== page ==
Home healthcare aides are increasingly in demand (Shutterstock)

The so-called silver tsunami of aging Baby Boomers is creating a big spike in demand for home health aides to care for those who prefer to stay at home on Long Island.

Of 1.3 million Nassau County residents, more than 310,000 are older than 60 and the fastest-growing segment is those older than 85, who are expected to increase by 25 percent from 2015 to 2040. In 2015, Suffolk County had more than 320,000 residents age 60-plus and the population of 85-plus seniors is expected to more than double to 63,516 by 2040, according to the New York State Office for the Aging.

“Nassau County is getting older at a rapid pace,” says Jorge Martinez, deputy commissioner of the Nassau County Office for the Aging.  

In 2016, the Bureau of Labor Statistics (BLS), U.S. Department of Labor reported 2,927,600 home health aides and personal care aides employed in the United States. The BLS predicts a 41 percent increase in this industry by 2026 with 4,136,400 active employees.

“People want to age in their homes and in their communities as long as possible and not go to institutions for services,” says Bill Ferris, associate state director for advocacy for the American Association of Retired Persons (AARP). “Home care is one of the ways that keeps people who need services in their homes.”

WHAT IS HOME HEALTHCARE?

There are two different types of home care agencies: licensed and certified.

“The certified agency provides skilled services, such as physical therapists, to go into the home and are primarily reimbursed by Medicare,” explains Nancy Geiger, director of Gurwin Home Care Agency, Inc., a licensed agency that provides health aides and companions to Nassau and Suffolk counties. “Most people access this type of service upon being discharged from a rehabilitation facility or hospital.”

Agencies like Gurwin also provide such skilled services as nursing, speech therapy, occupational therapy and social work.

“The licensed agency provides paraprofessional services that are delivered by home health aides,” Geiger explains. “Specific services include showering, dressing, meal preparations, laundry, etc.”

They can also support services provided by a certified agency, for example, motivating patients to exercise according to a plan prescribed by a physical therapist. 

WHO QUALIFIES?

“Anyone qualifies for home health care, but those who are in the most need are the elderly and people with disabilities,” says Greg Massimi, chief operating officer of TLC Companions in Bethpage.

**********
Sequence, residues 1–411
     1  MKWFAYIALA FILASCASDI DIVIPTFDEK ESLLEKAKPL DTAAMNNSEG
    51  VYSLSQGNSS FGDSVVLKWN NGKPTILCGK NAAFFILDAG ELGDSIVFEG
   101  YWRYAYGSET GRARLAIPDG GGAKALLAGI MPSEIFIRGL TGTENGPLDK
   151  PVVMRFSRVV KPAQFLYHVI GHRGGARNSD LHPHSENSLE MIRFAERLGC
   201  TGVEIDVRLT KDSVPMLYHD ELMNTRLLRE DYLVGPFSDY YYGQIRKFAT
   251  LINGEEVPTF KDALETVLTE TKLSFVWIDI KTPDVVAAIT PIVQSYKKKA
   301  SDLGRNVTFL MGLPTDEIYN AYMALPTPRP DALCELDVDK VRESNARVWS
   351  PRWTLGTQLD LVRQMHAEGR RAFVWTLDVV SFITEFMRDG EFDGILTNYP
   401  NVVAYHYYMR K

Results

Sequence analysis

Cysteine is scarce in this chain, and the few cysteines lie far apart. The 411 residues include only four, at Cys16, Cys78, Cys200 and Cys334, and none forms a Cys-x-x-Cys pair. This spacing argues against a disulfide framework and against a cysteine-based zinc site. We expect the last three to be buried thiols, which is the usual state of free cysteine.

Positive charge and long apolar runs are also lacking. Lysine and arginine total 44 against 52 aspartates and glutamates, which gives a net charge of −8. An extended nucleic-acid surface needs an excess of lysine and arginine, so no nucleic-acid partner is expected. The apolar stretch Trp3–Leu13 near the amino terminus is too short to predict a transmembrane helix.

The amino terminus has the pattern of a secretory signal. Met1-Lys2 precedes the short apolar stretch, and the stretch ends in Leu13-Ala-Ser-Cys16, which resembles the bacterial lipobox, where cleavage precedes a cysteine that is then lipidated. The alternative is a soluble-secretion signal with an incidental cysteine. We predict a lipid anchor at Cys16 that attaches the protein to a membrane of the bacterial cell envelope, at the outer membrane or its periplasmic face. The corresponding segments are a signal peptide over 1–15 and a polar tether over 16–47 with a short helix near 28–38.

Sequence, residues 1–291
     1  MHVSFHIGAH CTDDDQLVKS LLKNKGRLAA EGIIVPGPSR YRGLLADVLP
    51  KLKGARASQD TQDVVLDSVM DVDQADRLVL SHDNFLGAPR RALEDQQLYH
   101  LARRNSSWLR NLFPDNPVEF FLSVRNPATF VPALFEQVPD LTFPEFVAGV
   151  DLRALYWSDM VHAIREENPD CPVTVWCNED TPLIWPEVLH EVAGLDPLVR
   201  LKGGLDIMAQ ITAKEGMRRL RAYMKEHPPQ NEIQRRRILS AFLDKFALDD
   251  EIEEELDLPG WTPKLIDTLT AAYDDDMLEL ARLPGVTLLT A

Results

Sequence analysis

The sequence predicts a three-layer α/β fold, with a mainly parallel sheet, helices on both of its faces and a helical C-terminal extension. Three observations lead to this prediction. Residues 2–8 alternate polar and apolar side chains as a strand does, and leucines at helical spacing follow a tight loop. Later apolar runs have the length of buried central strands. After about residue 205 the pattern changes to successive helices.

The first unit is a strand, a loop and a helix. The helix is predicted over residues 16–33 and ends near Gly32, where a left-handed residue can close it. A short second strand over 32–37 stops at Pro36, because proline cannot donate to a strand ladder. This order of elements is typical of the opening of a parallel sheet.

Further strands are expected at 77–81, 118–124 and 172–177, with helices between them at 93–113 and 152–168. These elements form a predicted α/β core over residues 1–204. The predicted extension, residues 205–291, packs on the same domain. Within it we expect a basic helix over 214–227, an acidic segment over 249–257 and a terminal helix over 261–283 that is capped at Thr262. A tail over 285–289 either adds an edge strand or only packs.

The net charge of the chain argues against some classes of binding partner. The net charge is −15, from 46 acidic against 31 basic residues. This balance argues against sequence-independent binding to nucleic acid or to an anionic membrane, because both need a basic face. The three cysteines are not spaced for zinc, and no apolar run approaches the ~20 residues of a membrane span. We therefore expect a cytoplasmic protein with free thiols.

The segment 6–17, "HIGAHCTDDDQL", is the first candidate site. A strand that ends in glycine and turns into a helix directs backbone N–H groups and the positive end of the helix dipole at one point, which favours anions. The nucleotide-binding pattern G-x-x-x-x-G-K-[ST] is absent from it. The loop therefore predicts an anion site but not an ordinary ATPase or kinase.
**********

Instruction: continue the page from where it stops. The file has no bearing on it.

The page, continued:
When considering home healthcare, Massimi says it’s important to recognize if the patient is able to live independently or not.

“Can the patient do all of their necessary tasks independently?” he asks. “If not, then home health care would certainly be able to provide the patient with a higher standard of life.”

 WHAT ARE THE BENEFITS?

“An aide can alleviate the feeling of having no one to talk to while also assisting with tasks around the house,” says Massimi. “An aide [also] allows for the family members of the patient to continue to live their lives uninterrupted while having the peace of mind that their loved one is being taken care of,” he adds.

But family members should do their due diligence.

“When you’re looking for an agency, you really have to do your homework,” says Amy Recco, co-owner with husband Michael of Friends for Life Homecare in Massapequa.

An assessment or consultation will help determine what is covered by Medicare or long-term healthcare insurance, what can be afforded out of pocket, time or supervision required from an aide, and specific needs of your loved one, she says.

Transitioning to home health care is not always easy. Both patients and their loved ones need compassion and support.

“It’s a big change for the patient because they have come from a place of living alone — being totally functional by themselves — to becoming more dependent,” says Geiger. “A lot of times, they feel like they are a burden to their family.”

Rocco notes that caregiver support groups offer much-needed solace.

“It’s very important that the caretaker gets as much support and help that they need, knowing that they are not alone,” she adds.

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